Towards plush new digs in Toronto’s in-between city: the changing governance of student housing in Canada
Allison Evans, City & Regional Planning
Originally published in Urban Geography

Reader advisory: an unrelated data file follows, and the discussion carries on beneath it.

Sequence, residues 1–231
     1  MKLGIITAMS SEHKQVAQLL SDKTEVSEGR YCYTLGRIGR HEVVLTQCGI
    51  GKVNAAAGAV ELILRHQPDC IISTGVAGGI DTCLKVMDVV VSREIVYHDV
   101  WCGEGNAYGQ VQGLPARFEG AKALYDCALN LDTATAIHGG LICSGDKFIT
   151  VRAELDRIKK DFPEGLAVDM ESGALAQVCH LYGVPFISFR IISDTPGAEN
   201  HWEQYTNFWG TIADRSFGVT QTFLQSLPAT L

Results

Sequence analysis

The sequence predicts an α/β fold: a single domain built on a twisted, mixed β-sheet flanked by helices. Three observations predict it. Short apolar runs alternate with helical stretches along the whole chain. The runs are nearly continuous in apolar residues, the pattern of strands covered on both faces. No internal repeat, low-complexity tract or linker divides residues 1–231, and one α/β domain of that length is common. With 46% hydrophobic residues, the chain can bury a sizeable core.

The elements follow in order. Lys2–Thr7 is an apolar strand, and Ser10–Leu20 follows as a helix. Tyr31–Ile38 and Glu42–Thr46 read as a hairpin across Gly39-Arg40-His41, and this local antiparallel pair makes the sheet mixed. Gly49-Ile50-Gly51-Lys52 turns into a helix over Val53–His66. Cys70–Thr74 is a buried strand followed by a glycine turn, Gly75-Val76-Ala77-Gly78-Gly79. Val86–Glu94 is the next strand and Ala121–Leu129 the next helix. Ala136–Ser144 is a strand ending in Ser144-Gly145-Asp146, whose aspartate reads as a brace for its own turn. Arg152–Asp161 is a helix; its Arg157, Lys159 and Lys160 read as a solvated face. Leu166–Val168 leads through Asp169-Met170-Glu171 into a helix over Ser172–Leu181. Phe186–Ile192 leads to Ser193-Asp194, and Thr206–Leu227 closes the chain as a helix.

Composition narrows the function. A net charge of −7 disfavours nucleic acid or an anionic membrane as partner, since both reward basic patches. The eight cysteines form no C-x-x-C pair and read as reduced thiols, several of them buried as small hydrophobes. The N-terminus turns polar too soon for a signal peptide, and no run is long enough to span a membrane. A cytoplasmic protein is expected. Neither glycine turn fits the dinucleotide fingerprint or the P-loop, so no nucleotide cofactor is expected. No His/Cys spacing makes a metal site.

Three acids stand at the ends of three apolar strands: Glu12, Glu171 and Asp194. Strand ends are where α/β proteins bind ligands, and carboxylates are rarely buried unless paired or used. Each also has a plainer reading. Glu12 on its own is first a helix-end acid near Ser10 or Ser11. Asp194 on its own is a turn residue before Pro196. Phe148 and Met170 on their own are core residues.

This paper examines the emergence of Purpose-Built Student Accommodation (PBSA) in Canada and the role of neoliberal policies in reshaping the governance and territoriality of higher education. In doing so, it reflects on the implications of these socio-spatial shifts for current notions of studenthood. Using a case study from a university located in Toronto’s low-income inner suburbs, we question, first, the extent to which policy changes have enabled PBSA development in Canada; second, the particularities of PBSA implementation in this context, and third, the ensuing filtering of student bodies along class and student status through stratified housing options. We argue that if universities are to fulfill their public interest goal of enabling social mobilization through equalizing opportunities, then student housing should be considered a fundamental space where democratic societal objectives may materialize. This may require a “new grammar of politics” that foregrounds nuance in students’ identities, trajectories, and experience.